The Chimney

  1. Left click on the centreline for the chimney to place the cursor there.
  2. Choose the View menu and click on Top. The profile will become a single line with dots on it.
  3. Choose the Tools tab on the top right, then "Spin" in the add section.
  4. When you first use this option, the spin will create a 90 degree spin. Use the the spin options in the bottom left to change the angle to 360 degrees and increase the number of steps. I've used 90 in this example.
  5. I then changed from wireframe to solid to see the chimney as a solid object.

That's basically it. You can then use the centre mouse button to move around the new chimney and see if from different angles as below:

post-14192-0-49728200-1412814626_thumb.png

From a different Angle

 

post-14192-0-77698000-1412814651_thumb.png

As a solid

 

This method definitely seems to be faster than the first one.

 

Now I've got to sort out the bottom of the chimney so that it follows the smokebox and the flange so that it is the same all around the chimney. Hopefully this will work using the same method as in Post #7. I think Page 40 on Paul's PDF file will help me there.

 

I've been at this for a few hours as you can tell! If I'm on the right track, then I'm pretty pleased with the progress so far on this exercise, and I hope all of this makes sense.

 

cheers

 

Jason

Edited by JCL
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  • RMweb Gold

What a useful thread Jason! Already I feel less intimidated by this. It's exactly because you are learning yourself that it is accessible and understandable for the rest of us. Many thanks for taking the time to document it  :)  

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Thank you very much. I've been putting this off for a long time thinking it's witchcraft, and I've heard things about Blender, but I'm finding it less onerous than I imagined. Since putting up the posts I've managed to sort out scaling of objects, and I've even had a go at uploading the test chimney to Shapeways to see how much it would cost (apparently it's $1.84 US for white flexible or $500 in platinum!). I'll put up my scaling notes in the next day or two, but at the moment I'm going to try to work out the following:

  • How many steps I should have in my chimney when extruding - too few and it'll look ridged.
  • How to make the flange fit to the rounded top of the boiler - too many and it'd look awful if I resized the flange manually.

I'm going to have a look for an add-on that will create a rounded corner between two object no matter what the two intersecting surfaces look like - I know Sketchup has one. :-/

 

Any thoughts would be very welcome.

 

cheers

 

Jason

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The one thing that I find a bit frustrating with Blender is that development of the software is pretty quick and that they keep adding new functions (not a problem) or moving functions (a pain in the neck!).

 

 

Hi Mike, that's why I've decided not to buy a manual. I get the feeling that it would be out of date fairly quickly.

 

One thing that is pretty important to the progress of learning Blender is memorising the keyboard shortcuts and the can be found on Google with even cut outs able to be printed.

 

I'm starting to realise that Blender is short-cut heavy! There's loads of them.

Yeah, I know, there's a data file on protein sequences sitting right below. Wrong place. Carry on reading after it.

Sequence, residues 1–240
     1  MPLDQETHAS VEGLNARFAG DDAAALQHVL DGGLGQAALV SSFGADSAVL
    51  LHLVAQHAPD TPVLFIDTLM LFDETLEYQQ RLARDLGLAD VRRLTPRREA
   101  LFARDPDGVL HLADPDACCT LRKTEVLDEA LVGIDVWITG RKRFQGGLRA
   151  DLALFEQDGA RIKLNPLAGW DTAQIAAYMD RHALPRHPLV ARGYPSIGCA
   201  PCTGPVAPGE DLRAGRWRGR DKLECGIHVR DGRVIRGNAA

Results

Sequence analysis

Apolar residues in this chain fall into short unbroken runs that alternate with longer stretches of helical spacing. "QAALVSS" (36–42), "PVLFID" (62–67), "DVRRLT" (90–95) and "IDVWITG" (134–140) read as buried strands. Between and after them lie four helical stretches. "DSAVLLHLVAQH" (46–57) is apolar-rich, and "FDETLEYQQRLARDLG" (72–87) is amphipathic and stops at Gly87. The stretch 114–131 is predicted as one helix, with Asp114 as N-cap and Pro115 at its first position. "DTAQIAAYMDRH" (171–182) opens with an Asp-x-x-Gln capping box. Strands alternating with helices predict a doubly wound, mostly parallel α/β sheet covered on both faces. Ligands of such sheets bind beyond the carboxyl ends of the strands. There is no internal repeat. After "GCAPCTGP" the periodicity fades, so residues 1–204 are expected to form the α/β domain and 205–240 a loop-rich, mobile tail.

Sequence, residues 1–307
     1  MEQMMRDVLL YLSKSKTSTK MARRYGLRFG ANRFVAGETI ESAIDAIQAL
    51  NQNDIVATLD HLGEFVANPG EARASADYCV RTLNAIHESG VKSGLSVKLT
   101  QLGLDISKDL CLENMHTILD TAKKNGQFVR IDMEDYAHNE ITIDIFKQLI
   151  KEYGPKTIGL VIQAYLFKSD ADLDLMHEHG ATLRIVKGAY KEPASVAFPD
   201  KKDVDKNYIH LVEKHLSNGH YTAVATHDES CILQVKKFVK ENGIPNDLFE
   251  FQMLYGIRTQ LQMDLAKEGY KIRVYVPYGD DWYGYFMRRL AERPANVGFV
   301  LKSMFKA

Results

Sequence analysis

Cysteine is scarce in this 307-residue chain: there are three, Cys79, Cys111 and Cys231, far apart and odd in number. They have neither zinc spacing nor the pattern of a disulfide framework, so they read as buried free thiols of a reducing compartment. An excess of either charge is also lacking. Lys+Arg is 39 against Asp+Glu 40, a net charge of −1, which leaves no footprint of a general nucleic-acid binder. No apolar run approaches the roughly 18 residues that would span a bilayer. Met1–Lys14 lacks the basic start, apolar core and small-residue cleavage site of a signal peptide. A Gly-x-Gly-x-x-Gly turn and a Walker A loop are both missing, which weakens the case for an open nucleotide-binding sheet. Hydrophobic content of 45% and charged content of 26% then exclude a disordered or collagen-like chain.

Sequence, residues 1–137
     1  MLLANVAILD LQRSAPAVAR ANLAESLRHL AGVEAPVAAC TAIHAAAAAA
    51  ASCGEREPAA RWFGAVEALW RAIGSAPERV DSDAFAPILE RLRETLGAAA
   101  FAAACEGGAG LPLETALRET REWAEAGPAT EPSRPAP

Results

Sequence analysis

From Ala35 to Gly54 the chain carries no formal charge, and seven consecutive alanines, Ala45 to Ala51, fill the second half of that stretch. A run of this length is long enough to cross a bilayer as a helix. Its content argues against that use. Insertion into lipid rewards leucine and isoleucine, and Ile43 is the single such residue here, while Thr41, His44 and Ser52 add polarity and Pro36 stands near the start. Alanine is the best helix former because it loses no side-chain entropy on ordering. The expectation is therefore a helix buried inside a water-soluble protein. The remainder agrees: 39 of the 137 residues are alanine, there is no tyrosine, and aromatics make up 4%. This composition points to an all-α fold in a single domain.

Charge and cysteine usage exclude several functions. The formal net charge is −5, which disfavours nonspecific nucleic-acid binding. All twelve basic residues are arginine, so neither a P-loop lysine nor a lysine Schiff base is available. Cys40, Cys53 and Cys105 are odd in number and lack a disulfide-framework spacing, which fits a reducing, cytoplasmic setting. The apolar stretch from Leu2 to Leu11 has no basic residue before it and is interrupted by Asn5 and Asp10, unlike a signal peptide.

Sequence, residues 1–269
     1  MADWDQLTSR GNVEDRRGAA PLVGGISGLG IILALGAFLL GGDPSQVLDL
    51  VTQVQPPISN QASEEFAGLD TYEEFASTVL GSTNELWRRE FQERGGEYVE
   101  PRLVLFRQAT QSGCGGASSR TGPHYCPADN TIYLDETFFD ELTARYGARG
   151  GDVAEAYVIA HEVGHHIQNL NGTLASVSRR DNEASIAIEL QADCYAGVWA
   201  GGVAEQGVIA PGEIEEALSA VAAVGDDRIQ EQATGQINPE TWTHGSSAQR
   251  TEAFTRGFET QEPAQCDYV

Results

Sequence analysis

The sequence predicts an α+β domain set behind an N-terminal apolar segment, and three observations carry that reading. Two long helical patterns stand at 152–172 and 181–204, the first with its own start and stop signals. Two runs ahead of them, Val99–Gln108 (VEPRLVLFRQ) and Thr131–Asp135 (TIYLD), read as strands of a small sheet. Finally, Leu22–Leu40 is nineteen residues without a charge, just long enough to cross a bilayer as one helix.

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Jason,

 

You seem to have a natural talent for writing these sort of guides.

 

The chimney is looking good, although you need to 'sit' it on a correct sized smokebox, so that you can get the shape of the bottom flange correct so that that sits on the top correctly, because at the minute it is just a block, and will not sit.

 

The cost of the part is quite cheep too, this is looking good! (So how much platinum are you going to be ordering?)

 

Andy g

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Cheers Andy. I'm trying to work that out as I speak - well it's getting late, so I'll look tomorrow. I've had a quick look at a thread here on RMWeb which may be able to help http://www.rmweb.co.uk/community/index.php?/topic/77750-drawing-a-loco-steam-dome-how-to-get-the-varing-flare/ , along with the stuff I was doing in post #7. I think the interface might be the most difficult part of the exercise so far.

 

Yep, it's not as much as I expected, so I'm wondering how much a chimney, dome and smokebox door will cost. I might forgo the platinum I don't want to look ostentatious.

 

cheers

 

Jason

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Hi Jason

 

You're really getting the hang of this quickly.  A few Blender tips you might (or might not!) find useful:

 

- build things out of re-usable sub-assemblies to save time

- think about how you can create "tools" to modify objects eg if you need lots of holes of a certain diameter create a cylinder for the correct diameter and use the boolean difference modifier to remove material

- save versions of your work regularly so you can go back and fault find if necessary (beyond Blender's Undo function)

- check your objects are manifold (watertight) regularly. 3D printing requires the objects to be watertight and it can be easy to inadvertently create something which is no longer watertight. In edit mode pick vertices (or edges) and make sure nothing is selected (you can toggle between all or nothing selected using the shortcut A). Then Select Non Manifold (CTRL + Shift + Alt + M) - the top RH corner dialogue will tell you if any vertices, edges or faces are non-manifold.